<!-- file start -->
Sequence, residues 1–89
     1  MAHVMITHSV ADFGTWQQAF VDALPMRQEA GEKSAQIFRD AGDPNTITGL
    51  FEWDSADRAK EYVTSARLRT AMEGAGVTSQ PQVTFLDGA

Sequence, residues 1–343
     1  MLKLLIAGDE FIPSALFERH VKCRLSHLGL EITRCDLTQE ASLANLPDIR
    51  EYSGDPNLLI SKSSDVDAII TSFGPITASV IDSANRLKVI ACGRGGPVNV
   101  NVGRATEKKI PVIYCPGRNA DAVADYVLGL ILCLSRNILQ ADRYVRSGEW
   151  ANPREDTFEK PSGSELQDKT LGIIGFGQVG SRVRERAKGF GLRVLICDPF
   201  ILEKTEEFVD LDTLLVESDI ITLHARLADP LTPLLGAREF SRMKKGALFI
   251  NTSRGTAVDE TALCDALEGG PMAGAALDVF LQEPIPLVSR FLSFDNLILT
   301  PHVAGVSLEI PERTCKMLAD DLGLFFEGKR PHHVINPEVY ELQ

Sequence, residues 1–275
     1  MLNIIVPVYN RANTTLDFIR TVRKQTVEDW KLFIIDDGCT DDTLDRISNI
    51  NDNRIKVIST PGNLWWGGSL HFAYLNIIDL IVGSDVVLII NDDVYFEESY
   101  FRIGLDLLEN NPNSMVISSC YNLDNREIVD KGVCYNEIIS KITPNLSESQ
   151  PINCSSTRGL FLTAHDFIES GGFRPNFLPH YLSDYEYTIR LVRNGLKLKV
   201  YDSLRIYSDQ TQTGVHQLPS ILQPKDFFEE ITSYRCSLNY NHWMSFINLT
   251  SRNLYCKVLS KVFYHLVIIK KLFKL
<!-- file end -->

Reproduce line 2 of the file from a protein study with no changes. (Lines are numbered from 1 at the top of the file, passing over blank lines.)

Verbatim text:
     1  MAHVMITHSV ADFGTWQQAF VDALPMRQEA GEKSAQIFRD AGDPNTITGL